Sighting on June 18, 2018 from vessel Manute'a
As a naturalist, I'm always looking for ethical wildlife experiences when I travel. My first "special sighting" was in my hometown of Dana Point, California with Dana Wharf. Since then I've posted about seeing orcas in the San Juan Islands, spotting fur seals in Tasmania, and observing elephant seals and a beached blue whale along the California coastline.
Last weekend I found myself again in my beloved hometown, the place that inspired my love of the ocean. I decided to go whale watching.
Captain Dave's Dolphin and Whale Watching Safari is a well known local business. Anybody who spends time down at the harbor knows about "Dolphin Dave." As a local, I was stoked to be heading out for the first time on their catamaran sailboat Manute'a.
The crew was led by Captain Dan and naturalist Craig. We headed north out of the harbor, noting some California sea lions on a buoy. We found our first group of dolphins near the Dana Point Headlands.
The crew estimated there were about a hundred long-beaked common dolphins in the group. The dolphins exhibited feeding behaviors, surging through the water to chase the fish. Hungry birds including brown pelicans and gulls hovered and dove near the group. There were calves present in the group as well.
The dolphins led us north, bow riding and wake riding. When we reached the Laguna Beach city limit, we left the dolphins and turned west towards the edge of the continental shelf, which in southern California is only a few miles offshore.
We had only gone a few miles when we found another group of two hundred dolphins. The crew identified them as short-beaked common dolphins.
This group also had calves, but were exhibiting more social behaviors.
We saw lots of aerial exhibitions, exposed bellies, and calves porpoising with adults.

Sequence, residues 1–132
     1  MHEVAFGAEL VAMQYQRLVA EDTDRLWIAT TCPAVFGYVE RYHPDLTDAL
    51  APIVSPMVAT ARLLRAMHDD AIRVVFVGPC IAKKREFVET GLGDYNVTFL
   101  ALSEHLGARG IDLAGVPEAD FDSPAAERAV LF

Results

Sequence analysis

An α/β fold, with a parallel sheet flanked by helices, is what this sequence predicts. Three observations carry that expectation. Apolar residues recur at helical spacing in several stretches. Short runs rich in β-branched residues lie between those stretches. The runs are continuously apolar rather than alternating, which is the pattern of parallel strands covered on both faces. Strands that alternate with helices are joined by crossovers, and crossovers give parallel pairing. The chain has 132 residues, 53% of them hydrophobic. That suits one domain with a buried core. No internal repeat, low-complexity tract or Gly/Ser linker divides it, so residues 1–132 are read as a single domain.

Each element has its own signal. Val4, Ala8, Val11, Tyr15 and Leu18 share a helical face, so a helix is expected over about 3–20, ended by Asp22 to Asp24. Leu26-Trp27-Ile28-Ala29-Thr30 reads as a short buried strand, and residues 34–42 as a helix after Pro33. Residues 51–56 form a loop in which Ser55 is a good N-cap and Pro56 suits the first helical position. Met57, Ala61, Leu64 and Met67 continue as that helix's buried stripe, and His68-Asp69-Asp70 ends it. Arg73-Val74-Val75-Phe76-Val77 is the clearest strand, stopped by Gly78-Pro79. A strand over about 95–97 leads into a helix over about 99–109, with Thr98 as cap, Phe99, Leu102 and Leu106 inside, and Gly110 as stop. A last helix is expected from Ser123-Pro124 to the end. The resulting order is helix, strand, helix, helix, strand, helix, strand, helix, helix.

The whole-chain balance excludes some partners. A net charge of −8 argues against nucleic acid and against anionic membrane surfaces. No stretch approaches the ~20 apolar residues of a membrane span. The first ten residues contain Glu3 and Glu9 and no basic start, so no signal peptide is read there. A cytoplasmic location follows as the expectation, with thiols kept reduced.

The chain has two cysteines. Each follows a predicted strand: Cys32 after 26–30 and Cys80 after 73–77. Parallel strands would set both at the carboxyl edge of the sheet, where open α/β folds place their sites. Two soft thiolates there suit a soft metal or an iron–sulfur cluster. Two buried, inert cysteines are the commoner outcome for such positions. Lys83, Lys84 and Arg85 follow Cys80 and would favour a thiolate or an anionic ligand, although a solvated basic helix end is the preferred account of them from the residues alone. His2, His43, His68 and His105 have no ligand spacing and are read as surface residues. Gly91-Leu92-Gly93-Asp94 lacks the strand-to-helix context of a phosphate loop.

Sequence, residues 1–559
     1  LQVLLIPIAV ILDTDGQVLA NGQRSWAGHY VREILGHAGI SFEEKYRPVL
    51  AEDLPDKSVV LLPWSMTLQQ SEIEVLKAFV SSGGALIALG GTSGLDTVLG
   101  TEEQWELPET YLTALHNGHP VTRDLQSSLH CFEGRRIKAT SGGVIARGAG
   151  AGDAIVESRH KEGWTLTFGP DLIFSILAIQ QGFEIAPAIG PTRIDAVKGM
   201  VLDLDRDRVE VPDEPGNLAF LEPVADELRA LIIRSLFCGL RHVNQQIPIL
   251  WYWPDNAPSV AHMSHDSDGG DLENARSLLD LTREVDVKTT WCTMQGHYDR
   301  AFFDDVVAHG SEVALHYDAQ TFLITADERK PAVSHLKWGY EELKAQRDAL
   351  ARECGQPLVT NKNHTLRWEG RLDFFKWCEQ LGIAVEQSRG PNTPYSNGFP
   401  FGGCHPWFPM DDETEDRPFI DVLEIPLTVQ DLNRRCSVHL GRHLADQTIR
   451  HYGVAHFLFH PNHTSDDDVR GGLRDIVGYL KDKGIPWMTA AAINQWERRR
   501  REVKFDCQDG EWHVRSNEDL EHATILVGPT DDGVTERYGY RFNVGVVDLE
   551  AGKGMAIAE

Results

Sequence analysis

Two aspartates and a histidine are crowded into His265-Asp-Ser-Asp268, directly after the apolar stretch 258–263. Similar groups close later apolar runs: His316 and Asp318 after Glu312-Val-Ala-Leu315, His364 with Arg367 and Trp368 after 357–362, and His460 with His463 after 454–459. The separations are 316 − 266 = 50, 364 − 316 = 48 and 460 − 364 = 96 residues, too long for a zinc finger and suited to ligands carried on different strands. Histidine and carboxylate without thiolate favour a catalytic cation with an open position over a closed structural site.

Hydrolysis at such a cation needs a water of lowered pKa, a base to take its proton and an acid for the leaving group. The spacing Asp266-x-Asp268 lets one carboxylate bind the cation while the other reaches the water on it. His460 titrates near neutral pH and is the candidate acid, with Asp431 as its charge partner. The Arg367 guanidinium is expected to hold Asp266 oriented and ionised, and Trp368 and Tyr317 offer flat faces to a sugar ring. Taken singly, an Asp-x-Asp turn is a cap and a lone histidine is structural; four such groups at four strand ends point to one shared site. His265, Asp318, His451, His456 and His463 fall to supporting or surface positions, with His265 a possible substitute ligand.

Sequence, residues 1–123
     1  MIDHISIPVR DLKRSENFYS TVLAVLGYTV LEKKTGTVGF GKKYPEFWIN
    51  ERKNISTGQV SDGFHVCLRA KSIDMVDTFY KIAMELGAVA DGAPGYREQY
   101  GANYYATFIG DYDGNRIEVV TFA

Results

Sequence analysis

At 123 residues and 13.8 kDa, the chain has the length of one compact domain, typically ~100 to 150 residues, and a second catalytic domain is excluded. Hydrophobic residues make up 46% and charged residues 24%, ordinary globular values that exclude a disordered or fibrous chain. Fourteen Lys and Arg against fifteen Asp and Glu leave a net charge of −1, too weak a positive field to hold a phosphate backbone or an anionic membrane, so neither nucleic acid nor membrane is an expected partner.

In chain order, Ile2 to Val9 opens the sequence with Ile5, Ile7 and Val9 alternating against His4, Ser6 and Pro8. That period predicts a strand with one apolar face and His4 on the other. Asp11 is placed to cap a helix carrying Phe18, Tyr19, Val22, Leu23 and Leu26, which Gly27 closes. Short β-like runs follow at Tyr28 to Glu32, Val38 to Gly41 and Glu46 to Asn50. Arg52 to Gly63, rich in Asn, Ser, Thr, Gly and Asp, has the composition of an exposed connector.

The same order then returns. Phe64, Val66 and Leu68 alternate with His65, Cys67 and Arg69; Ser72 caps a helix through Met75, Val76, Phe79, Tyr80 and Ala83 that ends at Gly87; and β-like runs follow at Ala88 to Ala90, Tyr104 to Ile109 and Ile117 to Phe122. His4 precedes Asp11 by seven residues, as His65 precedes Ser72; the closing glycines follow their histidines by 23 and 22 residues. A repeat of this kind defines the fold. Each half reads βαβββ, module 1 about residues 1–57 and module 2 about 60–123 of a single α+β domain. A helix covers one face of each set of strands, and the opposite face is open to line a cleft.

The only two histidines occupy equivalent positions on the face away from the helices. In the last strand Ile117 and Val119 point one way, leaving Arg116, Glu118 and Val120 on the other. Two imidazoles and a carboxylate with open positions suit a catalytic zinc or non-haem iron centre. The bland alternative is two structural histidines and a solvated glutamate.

We turned back south along the shelf, searching for a whale. We spotted lots of sooty shearwaters clumsily taking flight or resting on the surface of the water.
After progressing south for a while, the crew spotted a spout half a mile to the southwest, followed by an enormous fluke. We approached the general area where the whale had taken its dive, then waited for it to resurface. About ten minutes later, it surfaced just over a hundred yards away from the boat.
It was a blue whale. It spouted five times, slowly circling the vessel.
On the fifth spout it did a fluke dive. We were perfectly positioned to capture the ventral view.
According to the company's Instagram account, this whale was identified as Kinko, a female who was seen for the first time in four years.
There was also another group of long-beaked common dolphins in the area, but they did not approach our vessel. There was one other boat in the area.
The captain and crew had a lot of interesting information to share. I'm a Dana Point native who works on a whale watching boat and I learned interesting new facts that I'd never heard before. The operation was professional and respectful of the wildlife. At the end, we even got to taste Mrs. Captain Dave's famous brownies.